THE HARTNELL YEARS

The Scores

Because some of you requested it, here are Sue’s scores for all Hartnell’s stories in reverse order (and in transmission order if tied):

The Celestial Toymaker: “complete shite” – 0/10
The Web Planet: “I would’ve given it 0/10 if it wasn’t for the Spanish episode” – 1/10
The Edge of Destruction: “it certainly wasn’t boring” – 2/10
The Massacre: ” a confusing story with a stupid twist” – 2/10
Galaxy 4: “that wasn’t very good” – 2/10
The Daleks: “They should have called the show Ian” – 3/10
The Rescue: “the plot was practically nonexistent” – 3/10
The Tenth Planet: “Is that IT?” – 3/10
10,000 BC: “stone-age nonsense” – 4/10
The Keys of Marinus: “the acting was dreadful” – 4/10
The Reign of Terror: “if I want to see a revolution, I can turn on the news” – 4/10
The Sensorites: “if that’s the worst you can throw at me we’ll be fine” – 5/10
The Chase: “I’m getting a bit bored of the Daleks” – 5/10
The Daleks’ Master Plan: “some of it was rubbish and some of it was good” – 5/10
The Ark: “the Monoids let it down; they’re too silly for words” – 5/10
The Smugglers: “I’ll have forgotten it by next week” – 5/10
Marco Polo: “I really enjoyed it; it’s a shame it’s missing” – 6/10
The Space Museum: “it was too ahead of its time ” – 6/10
Mission to the Unknown: “it reminded me of Babylon 5” – 6/10
The War Machines: “it didn’t really feel like Doctor Who” – 6/10
An Unearthly Child: ” the Doctor doesn’t get a look in – he’s horrible” – 7/10
The Aztecs: “pretty good” – 7/10
Planet of Giants: “I like it when the story is small and self-contained” – 7/10
The Dalek Invasion of Earth: “I’m really torn over this one” – 7/10
The Crusade: “it was very well made and it didn’t out stay its welcome” – 7/10
The Savages: “for a recon it was surprisingly engaging” – 7/10
The Romans: “we like Dennis Spooner a lot” – 8/10
The Myth Makers: “the fans should spend more time looking for this one” – 8/10
The Gunfighters: “we could watch it again!” – 8/10
The Time Meddler: “it’s the most enjoyable story so far” – 9/10

 

Ask Sue

A couple of weeks ago, I invited readers of this blog to ask Sue a question about her journey so far. Here are just a few of them that made it through the spam filter:

Me: Right, the first question was asked by quite a few people, including Paul Bass, Jenny F, someone called Menny, and Rob Shearman. They all want to know this: Now that you’ve seen the Hartnell stories, would you go back and change any of your scores? Have your feelings towards the early Hartnell stories mellowed at all?
Sue: Is that really the best question Rob Shearman could come up with?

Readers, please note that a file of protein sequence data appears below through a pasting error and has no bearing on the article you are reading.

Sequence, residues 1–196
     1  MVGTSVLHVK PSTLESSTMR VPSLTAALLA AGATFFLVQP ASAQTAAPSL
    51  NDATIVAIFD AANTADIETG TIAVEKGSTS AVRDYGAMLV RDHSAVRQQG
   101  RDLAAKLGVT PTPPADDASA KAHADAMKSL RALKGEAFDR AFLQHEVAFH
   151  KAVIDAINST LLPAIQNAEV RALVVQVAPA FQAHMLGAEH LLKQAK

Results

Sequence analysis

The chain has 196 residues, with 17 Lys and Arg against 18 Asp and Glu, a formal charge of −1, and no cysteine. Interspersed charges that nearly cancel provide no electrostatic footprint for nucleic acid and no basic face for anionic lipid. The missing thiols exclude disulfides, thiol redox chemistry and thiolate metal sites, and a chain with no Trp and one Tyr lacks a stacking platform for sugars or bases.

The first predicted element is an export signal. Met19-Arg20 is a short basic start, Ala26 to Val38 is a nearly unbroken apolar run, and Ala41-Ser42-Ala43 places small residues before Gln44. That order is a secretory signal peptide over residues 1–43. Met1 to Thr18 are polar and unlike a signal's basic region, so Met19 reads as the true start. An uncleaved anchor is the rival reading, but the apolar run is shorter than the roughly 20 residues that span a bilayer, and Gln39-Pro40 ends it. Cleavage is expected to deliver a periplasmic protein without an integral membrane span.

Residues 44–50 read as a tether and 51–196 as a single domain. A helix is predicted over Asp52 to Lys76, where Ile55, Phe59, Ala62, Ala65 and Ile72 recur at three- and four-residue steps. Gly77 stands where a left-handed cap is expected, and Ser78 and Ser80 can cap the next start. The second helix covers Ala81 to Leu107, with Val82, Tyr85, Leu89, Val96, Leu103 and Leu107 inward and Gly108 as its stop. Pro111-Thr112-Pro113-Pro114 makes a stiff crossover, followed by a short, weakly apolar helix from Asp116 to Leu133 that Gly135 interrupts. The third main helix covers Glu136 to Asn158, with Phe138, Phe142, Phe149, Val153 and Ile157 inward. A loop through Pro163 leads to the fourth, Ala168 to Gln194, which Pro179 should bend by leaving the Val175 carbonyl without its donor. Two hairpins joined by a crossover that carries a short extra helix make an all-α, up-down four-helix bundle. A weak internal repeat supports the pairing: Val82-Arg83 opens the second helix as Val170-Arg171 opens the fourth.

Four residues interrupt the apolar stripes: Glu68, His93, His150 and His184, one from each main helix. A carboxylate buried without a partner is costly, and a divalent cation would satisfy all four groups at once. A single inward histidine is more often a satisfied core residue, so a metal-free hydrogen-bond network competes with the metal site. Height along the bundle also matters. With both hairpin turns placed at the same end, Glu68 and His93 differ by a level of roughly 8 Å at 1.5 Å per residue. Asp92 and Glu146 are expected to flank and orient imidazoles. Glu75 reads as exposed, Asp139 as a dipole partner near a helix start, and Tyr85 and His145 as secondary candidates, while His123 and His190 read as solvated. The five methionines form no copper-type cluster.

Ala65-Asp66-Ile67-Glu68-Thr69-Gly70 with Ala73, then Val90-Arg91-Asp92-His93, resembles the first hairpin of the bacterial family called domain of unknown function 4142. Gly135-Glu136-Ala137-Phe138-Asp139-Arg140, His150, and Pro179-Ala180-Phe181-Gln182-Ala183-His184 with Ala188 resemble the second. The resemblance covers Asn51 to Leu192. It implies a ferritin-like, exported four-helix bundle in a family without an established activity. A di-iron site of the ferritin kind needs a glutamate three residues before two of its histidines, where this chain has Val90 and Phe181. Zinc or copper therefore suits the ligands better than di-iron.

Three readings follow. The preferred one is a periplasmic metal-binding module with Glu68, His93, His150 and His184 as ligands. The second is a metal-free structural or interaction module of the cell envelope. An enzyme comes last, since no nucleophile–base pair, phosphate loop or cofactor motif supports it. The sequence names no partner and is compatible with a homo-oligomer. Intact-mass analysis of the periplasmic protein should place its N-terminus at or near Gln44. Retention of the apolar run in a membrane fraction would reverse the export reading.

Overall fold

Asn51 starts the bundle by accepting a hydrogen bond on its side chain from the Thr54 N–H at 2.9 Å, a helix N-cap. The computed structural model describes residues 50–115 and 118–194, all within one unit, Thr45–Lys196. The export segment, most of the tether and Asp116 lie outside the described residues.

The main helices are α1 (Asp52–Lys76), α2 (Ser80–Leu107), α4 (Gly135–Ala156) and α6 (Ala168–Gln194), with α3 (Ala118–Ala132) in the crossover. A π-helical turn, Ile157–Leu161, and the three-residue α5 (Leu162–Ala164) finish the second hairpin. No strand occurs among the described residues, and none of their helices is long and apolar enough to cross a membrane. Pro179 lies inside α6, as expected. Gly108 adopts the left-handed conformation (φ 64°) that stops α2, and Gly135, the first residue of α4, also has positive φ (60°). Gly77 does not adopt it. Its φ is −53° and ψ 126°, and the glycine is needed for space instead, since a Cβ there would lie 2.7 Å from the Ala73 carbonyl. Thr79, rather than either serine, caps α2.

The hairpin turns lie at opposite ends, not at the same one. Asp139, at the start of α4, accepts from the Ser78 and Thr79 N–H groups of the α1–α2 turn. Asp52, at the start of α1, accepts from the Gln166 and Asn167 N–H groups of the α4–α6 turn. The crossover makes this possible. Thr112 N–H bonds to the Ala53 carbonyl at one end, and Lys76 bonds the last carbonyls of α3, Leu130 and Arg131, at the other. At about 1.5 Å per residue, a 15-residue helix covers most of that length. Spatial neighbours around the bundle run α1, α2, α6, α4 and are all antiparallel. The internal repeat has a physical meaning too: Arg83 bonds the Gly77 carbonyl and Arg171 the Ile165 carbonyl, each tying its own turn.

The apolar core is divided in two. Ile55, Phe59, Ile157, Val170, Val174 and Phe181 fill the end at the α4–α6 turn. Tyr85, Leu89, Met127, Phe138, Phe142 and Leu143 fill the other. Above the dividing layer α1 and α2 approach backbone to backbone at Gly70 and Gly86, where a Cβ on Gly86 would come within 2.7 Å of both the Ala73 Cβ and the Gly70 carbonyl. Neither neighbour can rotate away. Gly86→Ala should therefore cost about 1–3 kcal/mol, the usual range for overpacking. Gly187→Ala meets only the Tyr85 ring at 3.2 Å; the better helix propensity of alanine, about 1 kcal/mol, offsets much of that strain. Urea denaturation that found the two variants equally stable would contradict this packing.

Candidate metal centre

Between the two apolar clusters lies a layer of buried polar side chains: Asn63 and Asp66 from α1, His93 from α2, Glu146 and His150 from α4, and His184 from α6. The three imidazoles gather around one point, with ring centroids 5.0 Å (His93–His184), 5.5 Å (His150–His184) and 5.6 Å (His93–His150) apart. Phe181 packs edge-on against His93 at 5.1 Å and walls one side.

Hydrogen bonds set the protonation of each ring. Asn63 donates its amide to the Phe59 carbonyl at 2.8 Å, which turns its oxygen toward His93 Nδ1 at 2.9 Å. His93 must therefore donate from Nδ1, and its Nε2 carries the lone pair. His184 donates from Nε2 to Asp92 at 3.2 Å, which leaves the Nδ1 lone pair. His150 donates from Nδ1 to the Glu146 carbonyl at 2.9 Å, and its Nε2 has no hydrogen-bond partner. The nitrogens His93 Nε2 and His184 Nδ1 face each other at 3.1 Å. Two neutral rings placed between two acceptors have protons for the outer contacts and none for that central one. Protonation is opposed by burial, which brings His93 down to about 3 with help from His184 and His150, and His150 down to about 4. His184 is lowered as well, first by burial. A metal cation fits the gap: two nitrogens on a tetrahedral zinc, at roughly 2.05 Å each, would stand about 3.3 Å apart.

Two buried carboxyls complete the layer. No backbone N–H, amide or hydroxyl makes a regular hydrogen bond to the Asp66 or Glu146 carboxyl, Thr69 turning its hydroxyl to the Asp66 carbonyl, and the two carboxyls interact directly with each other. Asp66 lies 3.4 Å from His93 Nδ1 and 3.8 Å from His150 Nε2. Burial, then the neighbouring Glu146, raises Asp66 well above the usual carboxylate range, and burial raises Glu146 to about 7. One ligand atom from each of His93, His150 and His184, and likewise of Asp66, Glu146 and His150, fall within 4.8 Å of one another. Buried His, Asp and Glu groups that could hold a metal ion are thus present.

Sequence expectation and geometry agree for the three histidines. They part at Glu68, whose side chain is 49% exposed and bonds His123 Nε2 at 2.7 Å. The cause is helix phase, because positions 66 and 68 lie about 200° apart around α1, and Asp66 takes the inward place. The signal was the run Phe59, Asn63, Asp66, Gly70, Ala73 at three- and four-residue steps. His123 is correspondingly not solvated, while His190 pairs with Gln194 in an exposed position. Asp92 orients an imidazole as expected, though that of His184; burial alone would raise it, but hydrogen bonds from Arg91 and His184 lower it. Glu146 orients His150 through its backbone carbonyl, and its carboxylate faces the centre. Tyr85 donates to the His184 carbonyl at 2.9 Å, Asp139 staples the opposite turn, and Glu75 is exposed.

Me: Yes.
Sue: Oh. Okay. Well, my answer is no. I stand by my original reactions. I like to look forward, not back.
Me: The next question is from Tristan Alfaro. Are you aware of the cult following you have acquired?
Sue: You did say ‘cult’, didn’t you?
Me: Richard Lyth asks a similar question: How does it feel to have your every random comment read, discussed and made into t-shirts by thousands of hardcore Doctor Who fans the world over? (Note: this never actually happened.)
Sue: If they’re busy doing that, it keeps the rest of us safe.
Me: The next question was asked by Lewis Maddox and Thomas Bowyer. If you could sacrifice one surviving episode to see one that’s been lost, which one would you sacrifice, and for which episode?
Sue: I’d get rid of the Toymaker one and I’d replace it with The Tenth Planet Episode 4. But only because you’ve been banging on about it for 20 years, Neil.
Me: And from David Whittam: Are you actually enjoying this?
Sue: ‘Enjoy’ is a very strong word. However, it’s nowhere near as bad as I thought it was going to be. Let’s put it this way – I’m still here, aren’t I?
Me: The King of the Subterranean Penguins asks: If William Hartnell was a bed, what sort of bed would he be?
Sue: He’d be hard on the outside and soft on the inside.
Me: I prefer Nev Fountain’s answer: Crochet-y. Okay, next we have a controversial request from Simon Harries. Should one wish to black-up in the style of a 1960s Doctor Who guest actor (Freddie Jaeger, Bernard Kay etc) in the privacy of one’s own home, purely for ironic purposes, what tips could Sue offer in terms of the make and shade. Also, should it be a cream or powder compact?
Sue: Please refer to the 16-page private email which Neil made me send to you.